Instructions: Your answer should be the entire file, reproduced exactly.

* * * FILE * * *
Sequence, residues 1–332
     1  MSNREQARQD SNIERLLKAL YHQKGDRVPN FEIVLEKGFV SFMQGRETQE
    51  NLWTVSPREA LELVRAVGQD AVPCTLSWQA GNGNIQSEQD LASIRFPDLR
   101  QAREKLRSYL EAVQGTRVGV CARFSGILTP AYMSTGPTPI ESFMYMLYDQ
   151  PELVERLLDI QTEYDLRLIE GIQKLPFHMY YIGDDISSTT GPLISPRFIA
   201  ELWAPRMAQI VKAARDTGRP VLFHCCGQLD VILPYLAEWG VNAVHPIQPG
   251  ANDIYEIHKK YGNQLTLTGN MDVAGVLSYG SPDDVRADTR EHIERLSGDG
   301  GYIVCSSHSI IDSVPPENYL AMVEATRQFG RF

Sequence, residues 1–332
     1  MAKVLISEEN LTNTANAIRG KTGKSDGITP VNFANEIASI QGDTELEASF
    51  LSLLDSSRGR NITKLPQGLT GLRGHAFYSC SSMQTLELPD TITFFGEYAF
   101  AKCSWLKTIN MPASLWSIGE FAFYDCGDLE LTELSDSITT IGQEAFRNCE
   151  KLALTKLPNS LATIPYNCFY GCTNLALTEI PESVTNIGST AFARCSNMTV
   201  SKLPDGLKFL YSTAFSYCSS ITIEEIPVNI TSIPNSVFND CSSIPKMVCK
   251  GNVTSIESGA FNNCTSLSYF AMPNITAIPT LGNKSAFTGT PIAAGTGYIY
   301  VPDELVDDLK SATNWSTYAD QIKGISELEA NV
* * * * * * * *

Sequence, residues 1–332
     1  MSNREQARQD SNIERLLKAL YHQKGDRVPN FEIVLEKGFV SFMQGRETQE
    51  NLWTVSPREA LELVRAVGQD AVPCTLSWQA GNGNIQSEQD LASIRFPDLR
   101  QAREKLRSYL EAVQGTRVGV CARFSGILTP AYMSTGPTPI ESFMYMLYDQ
   151  PELVERLLDI QTEYDLRLIE GIQKLPFHMY YIGDDISSTT GPLISPRFIA
   201  ELWAPRMAQI VKAARDTGRP VLFHCCGQLD VILPYLAEWG VNAVHPIQPG
   251  ANDIYEIHKK YGNQLTLTGN MDVAGVLSYG SPDDVRADTR EHIERLSGDG
   301  GYIVCSSHSI IDSVPPENYL AMVEATRQFG RF

Sequence, residues 1–332
     1  MAKVLISEEN LTNTANAIRG KTGKSDGITP VNFANEIASI QGDTELEASF
    51  LSLLDSSRGR NITKLPQGLT GLRGHAFYSC SSMQTLELPD TITFFGEYAF
   101  AKCSWLKTIN MPASLWSIGE FAFYDCGDLE LTELSDSITT IGQEAFRNCE
   151  KLALTKLPNS LATIPYNCFY GCTNLALTEI PESVTNIGST AFARCSNMTV
   201  SKLPDGLKFL YSTAFSYCSS ITIEEIPVNI TSIPNSVFND CSSIPKMVCK
   251  GNVTSIESGA FNNCTSLSYF AMPNITAIPT LGNKSAFTGT PIAAGTGYIY
   301  VPDELVDDLK SATNWSTYAD QIKGISELEA NV